Clothed with the Gospel
by Steve Elkins
It was Mark Twain who said, "Clothes make the man…Have you ever seen a naked salesman?" A pitiful picture, yet there are plenty of preachers and well-meaning Christians who stand improperly dressed as they share the Gospel! Here's a thought to keep you from being found in such an embarrassing posture.
After giving the Ten Commandments, the Lord immediately provided a sacrificial system (I wonder why?). Concerning the altar (Exod 20:25)—a foreshadowing of Christ's sacrifice—the law said no one was to put a "tool" on it. It's God's work. He'll get the glory. It doesn't need our fingerprints (cf. 1 Cor 1:29-31). Then He adds, "nor shall you go up by steps to My altar, that your nakedness may not be exposed on it" (Exod 20:26).
A good friend was sharing the gospel before a group. Doing a good job, he shared both the bad and good news. He was clear that Christ had died in their place and paid the sin debt in full. Now, he moved to his evangelistic close. He brought up the Parable of the Prodigal Son. Departing from the passage that wonderfully paints the poverty of the prodigal and the forgiveness of the father, a glaze came over his eyes. "Now you've got to 'come home,'" he said. "How do you come home? You must come on His terms. That means full surrender. He wants to be Lord of all, or not at all! It will cost you everything [where was that in the story?]. Coming home is as simple as 'ABC,' 'A'—Admit you're a sinner; 'B'—Believe Christ died for you; and, 'C'—Come home!"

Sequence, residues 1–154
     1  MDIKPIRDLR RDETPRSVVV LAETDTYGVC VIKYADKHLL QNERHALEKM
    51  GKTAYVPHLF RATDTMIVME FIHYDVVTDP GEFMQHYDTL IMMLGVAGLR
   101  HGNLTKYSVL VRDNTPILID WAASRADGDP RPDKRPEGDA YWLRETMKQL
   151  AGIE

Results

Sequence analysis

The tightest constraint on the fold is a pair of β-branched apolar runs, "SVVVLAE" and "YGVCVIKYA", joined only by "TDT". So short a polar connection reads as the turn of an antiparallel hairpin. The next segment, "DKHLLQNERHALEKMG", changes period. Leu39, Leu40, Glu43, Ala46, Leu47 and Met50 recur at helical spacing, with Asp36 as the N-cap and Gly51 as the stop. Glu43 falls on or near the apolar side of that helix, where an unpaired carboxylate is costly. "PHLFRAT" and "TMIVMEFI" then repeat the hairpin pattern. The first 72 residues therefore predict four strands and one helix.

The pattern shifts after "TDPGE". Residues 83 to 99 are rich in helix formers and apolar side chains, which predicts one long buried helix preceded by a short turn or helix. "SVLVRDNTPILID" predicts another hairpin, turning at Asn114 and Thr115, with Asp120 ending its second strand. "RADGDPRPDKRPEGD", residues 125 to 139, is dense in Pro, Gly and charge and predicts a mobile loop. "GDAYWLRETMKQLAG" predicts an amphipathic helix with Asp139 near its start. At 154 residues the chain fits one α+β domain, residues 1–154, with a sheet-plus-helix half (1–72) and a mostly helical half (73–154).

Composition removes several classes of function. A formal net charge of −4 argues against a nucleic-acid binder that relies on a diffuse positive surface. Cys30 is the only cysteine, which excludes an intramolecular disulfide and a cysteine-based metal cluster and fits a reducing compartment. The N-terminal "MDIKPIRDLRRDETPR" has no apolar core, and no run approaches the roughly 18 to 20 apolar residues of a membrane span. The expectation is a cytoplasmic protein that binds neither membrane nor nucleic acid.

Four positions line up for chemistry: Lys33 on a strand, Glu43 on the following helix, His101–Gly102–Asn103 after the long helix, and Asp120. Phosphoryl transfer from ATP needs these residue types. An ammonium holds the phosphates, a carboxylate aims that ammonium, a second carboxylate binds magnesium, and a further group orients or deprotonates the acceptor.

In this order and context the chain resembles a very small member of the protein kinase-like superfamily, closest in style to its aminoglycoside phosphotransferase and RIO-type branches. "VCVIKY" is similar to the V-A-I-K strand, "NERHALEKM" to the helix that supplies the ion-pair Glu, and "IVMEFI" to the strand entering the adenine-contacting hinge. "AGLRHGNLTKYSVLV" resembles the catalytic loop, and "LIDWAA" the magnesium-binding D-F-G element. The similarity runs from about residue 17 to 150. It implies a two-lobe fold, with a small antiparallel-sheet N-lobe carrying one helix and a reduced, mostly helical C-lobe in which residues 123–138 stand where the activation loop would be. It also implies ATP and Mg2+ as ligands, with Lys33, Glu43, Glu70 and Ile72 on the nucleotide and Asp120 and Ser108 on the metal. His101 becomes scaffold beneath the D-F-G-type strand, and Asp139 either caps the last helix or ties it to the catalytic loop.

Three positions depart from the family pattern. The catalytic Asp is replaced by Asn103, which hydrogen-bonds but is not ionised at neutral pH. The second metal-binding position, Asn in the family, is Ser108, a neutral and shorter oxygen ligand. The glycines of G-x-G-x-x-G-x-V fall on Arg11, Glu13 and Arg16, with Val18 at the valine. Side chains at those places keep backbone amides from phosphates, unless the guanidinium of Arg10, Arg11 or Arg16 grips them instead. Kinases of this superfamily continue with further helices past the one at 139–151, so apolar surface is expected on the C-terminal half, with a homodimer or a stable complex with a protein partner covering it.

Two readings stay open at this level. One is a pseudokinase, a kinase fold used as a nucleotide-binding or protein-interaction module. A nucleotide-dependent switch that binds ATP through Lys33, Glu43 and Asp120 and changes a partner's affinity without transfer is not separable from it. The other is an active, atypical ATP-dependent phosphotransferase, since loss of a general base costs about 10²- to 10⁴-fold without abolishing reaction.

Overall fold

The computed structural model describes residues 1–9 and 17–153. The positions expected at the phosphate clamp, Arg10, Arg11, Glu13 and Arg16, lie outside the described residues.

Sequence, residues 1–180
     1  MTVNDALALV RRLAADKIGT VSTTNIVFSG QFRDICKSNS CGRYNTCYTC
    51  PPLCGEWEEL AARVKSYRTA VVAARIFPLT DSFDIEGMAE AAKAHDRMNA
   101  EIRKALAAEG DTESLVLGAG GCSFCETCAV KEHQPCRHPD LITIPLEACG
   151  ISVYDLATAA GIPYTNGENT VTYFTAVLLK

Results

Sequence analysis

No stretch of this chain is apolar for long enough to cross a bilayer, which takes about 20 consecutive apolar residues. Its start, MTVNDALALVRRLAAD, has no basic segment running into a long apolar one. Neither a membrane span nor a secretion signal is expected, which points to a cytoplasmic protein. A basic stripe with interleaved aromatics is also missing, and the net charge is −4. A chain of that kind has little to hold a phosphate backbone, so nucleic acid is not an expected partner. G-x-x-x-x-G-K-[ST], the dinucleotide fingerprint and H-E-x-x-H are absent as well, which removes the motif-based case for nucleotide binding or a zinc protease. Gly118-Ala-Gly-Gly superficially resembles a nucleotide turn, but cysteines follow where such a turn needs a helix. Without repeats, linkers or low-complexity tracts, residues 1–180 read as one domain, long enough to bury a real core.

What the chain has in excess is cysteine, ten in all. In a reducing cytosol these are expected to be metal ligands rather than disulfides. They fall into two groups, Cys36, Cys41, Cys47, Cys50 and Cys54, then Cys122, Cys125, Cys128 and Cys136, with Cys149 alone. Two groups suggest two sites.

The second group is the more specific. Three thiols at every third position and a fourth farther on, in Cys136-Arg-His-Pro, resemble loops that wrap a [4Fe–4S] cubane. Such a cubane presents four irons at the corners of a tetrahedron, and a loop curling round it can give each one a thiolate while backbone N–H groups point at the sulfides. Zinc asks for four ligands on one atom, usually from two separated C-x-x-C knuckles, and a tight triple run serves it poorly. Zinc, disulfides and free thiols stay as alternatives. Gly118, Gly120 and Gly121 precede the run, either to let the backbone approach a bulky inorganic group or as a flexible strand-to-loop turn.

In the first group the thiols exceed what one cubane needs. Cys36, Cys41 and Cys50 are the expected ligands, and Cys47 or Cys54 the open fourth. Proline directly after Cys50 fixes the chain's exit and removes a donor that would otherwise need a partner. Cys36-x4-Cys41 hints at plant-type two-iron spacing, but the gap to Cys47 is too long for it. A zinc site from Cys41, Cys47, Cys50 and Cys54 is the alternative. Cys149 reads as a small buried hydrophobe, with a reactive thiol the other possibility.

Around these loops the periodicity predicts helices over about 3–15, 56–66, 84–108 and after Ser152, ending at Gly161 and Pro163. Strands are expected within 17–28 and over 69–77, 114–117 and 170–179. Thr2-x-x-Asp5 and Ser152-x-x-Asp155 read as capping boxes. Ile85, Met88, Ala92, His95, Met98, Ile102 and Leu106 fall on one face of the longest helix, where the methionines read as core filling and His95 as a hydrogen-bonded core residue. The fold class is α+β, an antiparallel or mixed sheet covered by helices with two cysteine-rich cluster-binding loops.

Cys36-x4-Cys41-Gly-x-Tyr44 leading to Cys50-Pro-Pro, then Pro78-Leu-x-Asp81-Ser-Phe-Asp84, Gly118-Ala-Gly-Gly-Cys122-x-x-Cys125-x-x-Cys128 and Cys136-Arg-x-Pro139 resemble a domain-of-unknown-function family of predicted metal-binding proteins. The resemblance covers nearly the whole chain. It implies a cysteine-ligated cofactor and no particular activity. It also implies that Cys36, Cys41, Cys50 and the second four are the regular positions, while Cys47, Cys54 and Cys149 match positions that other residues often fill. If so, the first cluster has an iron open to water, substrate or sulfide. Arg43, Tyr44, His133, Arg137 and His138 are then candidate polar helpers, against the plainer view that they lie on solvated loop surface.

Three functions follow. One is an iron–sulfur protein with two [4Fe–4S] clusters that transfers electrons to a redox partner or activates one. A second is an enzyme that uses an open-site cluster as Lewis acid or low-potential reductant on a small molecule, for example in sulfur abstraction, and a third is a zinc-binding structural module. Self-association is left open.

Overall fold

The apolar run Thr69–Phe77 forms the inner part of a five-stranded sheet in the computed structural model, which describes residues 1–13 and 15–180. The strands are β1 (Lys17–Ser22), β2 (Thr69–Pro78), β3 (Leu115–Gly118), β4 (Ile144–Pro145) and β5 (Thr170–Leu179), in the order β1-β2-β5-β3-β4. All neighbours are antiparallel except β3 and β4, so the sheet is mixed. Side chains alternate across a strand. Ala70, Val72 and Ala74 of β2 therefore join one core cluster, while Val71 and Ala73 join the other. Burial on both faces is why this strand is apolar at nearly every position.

Most of us wouldn't do such harm to the story of the prodigal son (better, "The Forgiving Father!"). But how many of us have made "steps"—like ABC—a part of our Gospel close? No doubt we've been well-meaning (but remember what the Lord said about steps?). My friend was adding steps to God's altar, and his "nakedness [was] exposed" immediately. His contradictions were embarrassingly obvious (Christ paid it all/He didn't pay it all, you still owe everything!).
Later, my friend looked unclothed as his confused audience asked for answers about assurance. His system offers none. How sad that he couldn't, with extreme joy and conviction, answer with the simple words that carry assurance on their very face: "Most assuredly, I say to you, he who believes in Me has everlasting life" (John 6:47).
I'm not saying you shouldn't use an outline, such as Need, Provision, Appropriation. Only that once you've presented the "altar"—that Christ's death has paid the sin debt in full—no "steps" should be given except that one believe. The audience has heard and individuals either believe it or not.
If any step is suggested, other than the biblical one of simple faith in Christ's finished work, the embarrassment of contradiction is unavoidable. Remember that "Every word of God is pure…Do not add to His words lest He reprove you, and you be found a liar" (Prov 30:5-6).
Mark Twain was right: Clothes do make a difference. Make sure you're clothed properly when you share the Gospel of God's Grace.